Bottom Line: Practicing FFI and bindgen since I know so little about C++.

One of the many things to love about Rust is that it can integrate with existing codebases and has reasonably good tooling to help you get started. I still find it difficulty as I have no background in C or C++, so I thought a toy example might help me wrap my head around things.

First, clone the repo that has the source code for this post:

$ git clone

Prove that the C++ source compiles and runs:

$ cd rust-ffi-practice/vendor/cpplib
$ clang++ *.cpp
$ ./a.out
and after

NB: I’m on MacOS; if you’re on Linux and don’t have clang, you should be able to use g++ instead of clang++.

Afterward proving to yourself that it works, go back to the project root and run cargo test.

Tests should passing, showing that you can call barfunc() from Rust even though it was defined in vendor/cpplib/bar.cpp.

For this example, wrapper.h is a header file including the types for which you’d like bindgen to generate Rust bindings.

If you leave the default #include "bar.h", it creates bindings for everything defined in that file. (NB: It can only find that file due to providing the include path with .clang_arg("-Ivendor/cpplib")). You can see what these bindings look like by looking at the resulting file, which resides a few subfolders deep in the target/ folder, and which we are including in src/ at compile time. Depending on your shell, you might be able to check it out like so:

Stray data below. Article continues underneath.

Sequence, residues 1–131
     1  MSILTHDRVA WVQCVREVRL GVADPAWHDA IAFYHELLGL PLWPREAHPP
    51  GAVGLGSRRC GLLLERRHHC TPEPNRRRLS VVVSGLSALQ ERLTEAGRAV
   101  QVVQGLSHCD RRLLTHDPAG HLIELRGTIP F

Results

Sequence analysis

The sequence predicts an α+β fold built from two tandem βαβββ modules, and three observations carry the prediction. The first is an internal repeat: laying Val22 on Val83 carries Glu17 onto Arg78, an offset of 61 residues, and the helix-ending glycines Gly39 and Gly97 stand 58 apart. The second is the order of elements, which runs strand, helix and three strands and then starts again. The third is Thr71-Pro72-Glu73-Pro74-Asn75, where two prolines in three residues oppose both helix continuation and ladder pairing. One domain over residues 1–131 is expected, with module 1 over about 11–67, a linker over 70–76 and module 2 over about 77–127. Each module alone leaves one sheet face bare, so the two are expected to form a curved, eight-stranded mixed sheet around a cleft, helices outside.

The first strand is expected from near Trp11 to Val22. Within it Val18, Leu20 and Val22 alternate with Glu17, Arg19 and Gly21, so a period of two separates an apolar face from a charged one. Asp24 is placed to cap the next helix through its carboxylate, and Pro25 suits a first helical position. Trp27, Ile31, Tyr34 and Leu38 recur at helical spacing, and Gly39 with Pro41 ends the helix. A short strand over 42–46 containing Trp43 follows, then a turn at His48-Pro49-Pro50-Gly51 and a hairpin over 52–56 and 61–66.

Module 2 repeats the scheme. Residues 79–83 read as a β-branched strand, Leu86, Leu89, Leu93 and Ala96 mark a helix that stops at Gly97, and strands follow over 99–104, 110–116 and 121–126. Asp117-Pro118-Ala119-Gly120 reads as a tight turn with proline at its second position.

$ ls target/**/
$ cat target/**/
/* automatically generated by rust-bindgen 0.59.1 */

extern "C" {
    #[link_name = "\u{1}__Z7barfuncv"]
    pub fn barfunc() -> ::std::os::raw::c_int;
extern "C" {
    #[link_name = "\u{1}__Z6unusedv"]
    pub fn unused() -> ::std::os::raw::c_int;

You’ll notice that a binding for unused() (from vendor/cpplib/bar.cpp) was generated, even though it is not used in src/ (or anywhere for that matter). That’s because we included bar.h in wrapper.h, so it generates a binding for everything defined in bar.h.

If that were problematic or otherwise undesirable, there are a couple options to prune the types that have bindings generated. For one, you can uncomment .allowlist_function("barfunc") in, the rerun cargo test. If you look at now, you’ll see that unused is no longer there.

Alternatively, you can comment out #include "bar.h" in wrapper.h and uncomment int barfunc(); to have it only generate bindings for that specific function.

I hope this is helpful for some of the other rust beginners out there; Rust FFI is a deep rabbit hole.

Some recommended reading: